Applications and Potential Drawbacks
Texture-based metrics have been used extensively for classifying tumor heterogeneity,27–29 but these measures have not been implemented in cardiac radiology. This is mainly because coronary lesions are very small as compared with tumors. Most of the aforementioned statistics are only robust in cases of large data sets; thus, the limited spatial resolution of current scanners just might not be sufficient for texture analysis. Furthermore, whereas tumors are rotationally invariant, and hence any anatomic plane can characterize their heterogeneity well, atherosclerotic lesions are not. Therefore, heterogeneity needs to be assessed along the coronary artery or in 3D.
Atherosclerotic plaques are complex 3D structures situated along the coronary arteries. The spatial distribution and localization of different plaque components can also have an effect on plaque vulnerability.
1D metrics are based on measuring the distance between 2 points. These parameters are commonly used in clinical practice to describe the magnitude of an abnormality. On coronary arteries the diameter stenosis is used to assess the severity of a lesion, or the length to quantify the extent of a plaque. Diameters measured in different directions can be used to derive new statistics that can resemble some new property. For example, the ratio of the longest and the shortest diameters describes the roundedness or ellipticity of a lesion.
2D metrics are calculated on cross-sectional planes and are used to calculate different parameters that are based on areas. These parameters are most often used to approximate some 3D property of the abnormality. For example, the 1D metric diameter and the 2D metric area are all considered approximations of the 3D metric volume. Accordingly, cross-sectional plaque burden is used to approximate full vessel volume–based plaque burden in coronary CTA.
3D metrics attempt to enumerate different aspects of volumetric shape. The geometrical properties of shapes have been thoroughly examined in the field of rigid-body mechanics. All objects have so-called principal axes or eigenvectors. These mutually perpendicular axes cross each other at the center of mass. The force applied to the axes act independently, meaning that if we push or rotate the object along or around any of these principal axes our object will not move or rotate in any other direction. These eigenvectors also have eigenvalues that can be seen as weights proportional to the amount of mass or in our case the HU intensity located in that given principal axis. The eigenvectors can be used to quantify different shape-based metrics—for example, roundedness, which is the difference between the largest eigenvalues of the smallest enclosing and the largest enclosed ellipse.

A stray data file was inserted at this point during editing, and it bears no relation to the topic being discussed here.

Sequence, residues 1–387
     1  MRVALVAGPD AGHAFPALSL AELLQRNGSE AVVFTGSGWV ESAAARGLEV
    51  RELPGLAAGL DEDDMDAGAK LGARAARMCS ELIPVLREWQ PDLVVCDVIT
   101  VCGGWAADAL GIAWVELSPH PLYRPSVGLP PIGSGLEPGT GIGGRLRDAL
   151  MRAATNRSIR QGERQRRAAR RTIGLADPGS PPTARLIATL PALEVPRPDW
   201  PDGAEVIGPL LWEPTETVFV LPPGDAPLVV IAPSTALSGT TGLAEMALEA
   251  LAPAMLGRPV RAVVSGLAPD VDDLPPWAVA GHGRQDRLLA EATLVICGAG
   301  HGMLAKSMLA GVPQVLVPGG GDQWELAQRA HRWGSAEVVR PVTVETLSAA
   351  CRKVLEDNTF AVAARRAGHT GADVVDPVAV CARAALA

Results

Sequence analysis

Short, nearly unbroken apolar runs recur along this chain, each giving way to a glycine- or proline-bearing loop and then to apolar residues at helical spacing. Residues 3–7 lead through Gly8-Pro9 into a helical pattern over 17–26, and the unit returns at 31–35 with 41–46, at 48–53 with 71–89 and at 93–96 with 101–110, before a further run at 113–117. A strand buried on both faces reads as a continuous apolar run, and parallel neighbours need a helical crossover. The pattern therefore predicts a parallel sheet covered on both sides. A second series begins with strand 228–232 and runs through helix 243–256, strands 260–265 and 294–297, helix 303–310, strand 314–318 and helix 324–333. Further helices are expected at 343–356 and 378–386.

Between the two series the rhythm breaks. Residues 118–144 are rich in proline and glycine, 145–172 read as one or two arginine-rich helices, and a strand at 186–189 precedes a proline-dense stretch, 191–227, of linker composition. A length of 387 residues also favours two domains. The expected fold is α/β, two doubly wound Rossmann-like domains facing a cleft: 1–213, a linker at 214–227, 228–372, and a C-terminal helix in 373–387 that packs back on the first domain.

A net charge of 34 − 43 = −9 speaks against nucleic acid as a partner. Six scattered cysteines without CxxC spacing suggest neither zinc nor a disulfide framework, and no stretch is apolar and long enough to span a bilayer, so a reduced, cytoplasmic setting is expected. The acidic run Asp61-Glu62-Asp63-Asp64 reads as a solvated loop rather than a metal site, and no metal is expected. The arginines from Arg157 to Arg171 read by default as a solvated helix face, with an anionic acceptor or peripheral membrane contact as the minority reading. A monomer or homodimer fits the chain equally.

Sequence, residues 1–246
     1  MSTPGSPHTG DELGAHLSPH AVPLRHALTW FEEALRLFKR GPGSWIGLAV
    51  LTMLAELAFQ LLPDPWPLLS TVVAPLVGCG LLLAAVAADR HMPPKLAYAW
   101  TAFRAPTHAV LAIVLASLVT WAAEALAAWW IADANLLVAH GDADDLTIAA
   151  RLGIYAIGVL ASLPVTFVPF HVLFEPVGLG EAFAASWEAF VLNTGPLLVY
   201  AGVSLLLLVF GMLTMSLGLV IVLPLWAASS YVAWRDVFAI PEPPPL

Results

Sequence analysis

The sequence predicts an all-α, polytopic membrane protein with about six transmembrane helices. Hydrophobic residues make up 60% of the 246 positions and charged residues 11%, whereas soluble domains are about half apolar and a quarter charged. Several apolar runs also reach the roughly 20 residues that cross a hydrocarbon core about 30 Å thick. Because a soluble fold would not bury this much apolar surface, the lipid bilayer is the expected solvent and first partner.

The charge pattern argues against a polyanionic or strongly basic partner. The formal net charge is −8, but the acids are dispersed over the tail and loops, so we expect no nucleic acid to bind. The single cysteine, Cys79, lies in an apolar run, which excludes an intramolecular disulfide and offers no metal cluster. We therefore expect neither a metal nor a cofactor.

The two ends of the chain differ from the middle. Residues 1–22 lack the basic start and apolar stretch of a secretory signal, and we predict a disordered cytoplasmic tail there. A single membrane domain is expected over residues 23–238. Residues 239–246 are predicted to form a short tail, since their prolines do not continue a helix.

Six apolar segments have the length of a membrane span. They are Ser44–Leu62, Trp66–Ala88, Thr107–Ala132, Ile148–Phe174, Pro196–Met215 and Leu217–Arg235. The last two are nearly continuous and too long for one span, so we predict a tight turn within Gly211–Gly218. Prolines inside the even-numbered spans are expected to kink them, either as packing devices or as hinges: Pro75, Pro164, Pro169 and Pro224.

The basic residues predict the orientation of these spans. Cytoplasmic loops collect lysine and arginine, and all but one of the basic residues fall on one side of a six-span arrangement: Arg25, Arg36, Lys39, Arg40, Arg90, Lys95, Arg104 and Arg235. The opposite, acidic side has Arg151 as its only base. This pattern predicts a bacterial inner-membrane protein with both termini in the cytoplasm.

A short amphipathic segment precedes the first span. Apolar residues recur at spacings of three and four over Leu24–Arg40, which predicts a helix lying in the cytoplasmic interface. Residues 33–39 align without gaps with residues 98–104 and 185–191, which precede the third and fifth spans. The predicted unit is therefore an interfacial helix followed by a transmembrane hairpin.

Minkowski functionals originate from integral geometry.30 They can be used to calculate different properties of geometrical objects, such as the Euler characteristic or genus, which is a parameter describing the connectivity of the data points. Connectivity is estimated by calculating the number of voxel groups with information minus the enclosed regions where there is no signal.31 By taking a different threshold of our image we can calculate different parameters for each image. These values can be used to describe the connectivity of different intensity values in the image.
Fractal geometry quantifies self-symmetry by examining repeating patterns at different scales. Objects with no fractal properties scale their characteristics exponentially depending on the dimension. For example, if we enlarge a line by 2, considering that the line is a 1D object, its length will increase to 21. If we scale one side of a square by 2, then the area of the square will increase by 22 as it is a 2D object. A cube’s volume would increase to 23 if we increased all of its sides by 2. However, fractals act differently. If we were to enlarge a line that has fractal properties by 2, then its length would not be twice as long as it would be for a line without fractal properties, but longer. This is because when we magnify an object with fractal properties we start to see more and more details, which affects the length of the given object. This can be better seen when trying to measure the length of a coastline. When we magnify our image more and more, we begin to see more and more details, which affects the total measured length, and therefore the total length of the coastline increases.